Review Blog

Sep 12 2010

The Guernsey Literary and Potato Peel Society by Mary Ann Shaffer

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Read by Taylor Owynns. Allen and Unwin, 2008. Vision Australia, 2010. 7 CDs, 8.5 hrs
Highly recommended. This extraordinary story of a diverse range of characters residing on the island of Guernsey during World War Two, will win hearts all over again, as it is told by Taylor Owynns on these discs. Everything is forgotten as listeners settle in to listen to this wonderfully told story, forgetting all appointments and chores, visitors or obligations. Taylor Owynns' voice takes on the plethora of characters with ease, traipsing over the accents and nuances of voice which so delineates each of the islanders. From Dorsey to Elizabeth, Sydney to Juliet, each person is given a subtle change of tone that makes them easy to pick up.
The story of these people, emerging after five years of privation during German occupation is infectious. Juliet Ashton, a London author is flattered by the interest shown by one of the women on the island, and responds to her letters. The replies pique Juliet's interest and going to the island, it is her intention to follow the story of the Society, set up during WW2 to evade the scrutiny of the occupiers, hopefully culminating in a book. But on the island, she learns first hand about friendship and trust as by degrees the islanders reveal themselves through their letters and conversations about the woman who was killed by the Germans, Elizabeth. It is her story that captures Juliet's imagination and the detail which comes through her conversations with the islanders; builds up an image of a forthright young woman, not easily thrown by brutality.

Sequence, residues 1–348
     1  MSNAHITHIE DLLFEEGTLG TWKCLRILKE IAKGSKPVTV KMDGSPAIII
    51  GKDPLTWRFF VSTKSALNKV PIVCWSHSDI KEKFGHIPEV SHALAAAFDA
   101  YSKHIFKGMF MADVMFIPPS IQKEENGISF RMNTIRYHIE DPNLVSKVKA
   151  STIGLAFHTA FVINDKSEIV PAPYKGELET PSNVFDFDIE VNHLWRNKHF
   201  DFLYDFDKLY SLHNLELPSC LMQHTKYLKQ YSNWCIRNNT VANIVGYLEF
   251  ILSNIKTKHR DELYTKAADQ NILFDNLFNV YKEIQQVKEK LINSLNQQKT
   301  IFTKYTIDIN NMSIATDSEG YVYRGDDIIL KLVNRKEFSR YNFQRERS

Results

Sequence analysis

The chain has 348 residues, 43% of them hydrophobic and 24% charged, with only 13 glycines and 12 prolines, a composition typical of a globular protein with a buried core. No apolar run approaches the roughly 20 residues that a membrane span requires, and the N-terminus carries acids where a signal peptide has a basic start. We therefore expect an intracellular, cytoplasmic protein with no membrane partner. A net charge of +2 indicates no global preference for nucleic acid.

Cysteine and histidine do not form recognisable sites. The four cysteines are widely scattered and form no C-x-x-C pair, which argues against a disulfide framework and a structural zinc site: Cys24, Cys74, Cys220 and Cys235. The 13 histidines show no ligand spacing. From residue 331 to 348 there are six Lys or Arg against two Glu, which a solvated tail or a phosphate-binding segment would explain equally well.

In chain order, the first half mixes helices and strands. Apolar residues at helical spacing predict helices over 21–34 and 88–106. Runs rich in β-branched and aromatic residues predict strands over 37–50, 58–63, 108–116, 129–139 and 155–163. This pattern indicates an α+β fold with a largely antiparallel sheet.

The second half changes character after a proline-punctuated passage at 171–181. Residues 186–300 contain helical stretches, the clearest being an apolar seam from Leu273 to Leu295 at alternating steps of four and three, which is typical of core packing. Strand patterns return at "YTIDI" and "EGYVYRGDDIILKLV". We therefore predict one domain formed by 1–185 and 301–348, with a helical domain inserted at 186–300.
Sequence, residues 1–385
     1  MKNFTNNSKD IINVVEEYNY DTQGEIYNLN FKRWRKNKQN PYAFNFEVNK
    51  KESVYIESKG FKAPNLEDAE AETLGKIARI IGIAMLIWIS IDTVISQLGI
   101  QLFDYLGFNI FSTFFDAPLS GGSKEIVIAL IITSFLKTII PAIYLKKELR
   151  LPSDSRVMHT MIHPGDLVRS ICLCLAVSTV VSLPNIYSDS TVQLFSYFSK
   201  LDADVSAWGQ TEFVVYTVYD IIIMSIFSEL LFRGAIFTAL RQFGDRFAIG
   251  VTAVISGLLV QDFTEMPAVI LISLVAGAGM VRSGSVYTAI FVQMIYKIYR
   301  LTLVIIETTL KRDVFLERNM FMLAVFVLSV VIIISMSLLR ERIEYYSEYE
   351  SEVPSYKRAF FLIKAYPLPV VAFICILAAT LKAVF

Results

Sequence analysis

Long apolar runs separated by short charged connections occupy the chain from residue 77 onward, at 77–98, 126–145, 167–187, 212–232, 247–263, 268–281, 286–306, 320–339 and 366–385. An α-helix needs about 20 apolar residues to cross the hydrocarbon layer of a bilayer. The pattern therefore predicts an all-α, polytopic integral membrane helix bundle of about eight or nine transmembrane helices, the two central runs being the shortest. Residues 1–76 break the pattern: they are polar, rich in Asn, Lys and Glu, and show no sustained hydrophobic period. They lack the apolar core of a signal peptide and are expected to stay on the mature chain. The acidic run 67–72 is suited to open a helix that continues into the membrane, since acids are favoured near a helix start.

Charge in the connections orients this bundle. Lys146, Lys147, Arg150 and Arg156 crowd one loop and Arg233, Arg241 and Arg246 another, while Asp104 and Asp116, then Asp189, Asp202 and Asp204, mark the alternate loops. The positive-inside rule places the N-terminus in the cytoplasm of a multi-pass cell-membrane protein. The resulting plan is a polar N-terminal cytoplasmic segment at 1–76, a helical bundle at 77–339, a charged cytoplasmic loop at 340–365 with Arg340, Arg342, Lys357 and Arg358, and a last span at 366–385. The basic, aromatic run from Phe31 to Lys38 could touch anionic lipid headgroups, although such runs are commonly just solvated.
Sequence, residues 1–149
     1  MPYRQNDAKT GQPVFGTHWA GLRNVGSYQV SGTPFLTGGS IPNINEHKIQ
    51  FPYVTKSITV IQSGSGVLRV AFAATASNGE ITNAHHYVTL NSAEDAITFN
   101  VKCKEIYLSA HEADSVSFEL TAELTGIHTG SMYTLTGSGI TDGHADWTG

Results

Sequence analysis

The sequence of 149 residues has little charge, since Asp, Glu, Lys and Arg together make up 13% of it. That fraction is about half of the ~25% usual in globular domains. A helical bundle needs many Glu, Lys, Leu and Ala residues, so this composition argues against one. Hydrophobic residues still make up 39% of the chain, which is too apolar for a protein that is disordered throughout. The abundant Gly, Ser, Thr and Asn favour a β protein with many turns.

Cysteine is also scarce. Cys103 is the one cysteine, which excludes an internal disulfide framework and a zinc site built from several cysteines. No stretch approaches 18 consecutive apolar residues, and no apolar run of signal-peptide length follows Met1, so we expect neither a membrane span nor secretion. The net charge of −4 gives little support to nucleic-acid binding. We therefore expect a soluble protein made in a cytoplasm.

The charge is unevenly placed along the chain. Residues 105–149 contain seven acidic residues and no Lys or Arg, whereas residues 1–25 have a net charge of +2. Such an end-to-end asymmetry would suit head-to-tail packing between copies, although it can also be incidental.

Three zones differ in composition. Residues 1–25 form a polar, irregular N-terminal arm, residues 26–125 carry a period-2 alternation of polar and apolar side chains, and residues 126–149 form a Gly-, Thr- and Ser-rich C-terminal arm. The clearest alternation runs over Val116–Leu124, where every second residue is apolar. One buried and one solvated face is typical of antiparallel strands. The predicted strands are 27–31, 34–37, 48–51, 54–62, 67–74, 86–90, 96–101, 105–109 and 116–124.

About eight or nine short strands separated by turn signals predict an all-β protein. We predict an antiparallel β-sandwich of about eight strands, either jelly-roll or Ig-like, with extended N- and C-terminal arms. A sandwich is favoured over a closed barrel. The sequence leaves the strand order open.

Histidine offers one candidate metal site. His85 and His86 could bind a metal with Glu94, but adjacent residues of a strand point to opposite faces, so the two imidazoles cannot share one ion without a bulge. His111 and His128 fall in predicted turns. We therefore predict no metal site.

The Society, born one night from Elizabeth's imagination, telling the German patrol just why she and several islanders were out after curfew, sets in place a disparate group of people meeting every fortnight to discuss works they have read. Several had never read a book before, let alone discuss it, and it is these literary evenings, surmounted by a supper which often includes the Potato Peel Pie, that engages our rapt attention. Each letter reveals more of that society and those who are part of it, the telegrams heighten our interest and sometimes the distance between London and Guernsey seems very short indeed. An amazing story of courage and fortitude, offering listeners a slice of war history rarely visited by non fiction books.
Fran Knight

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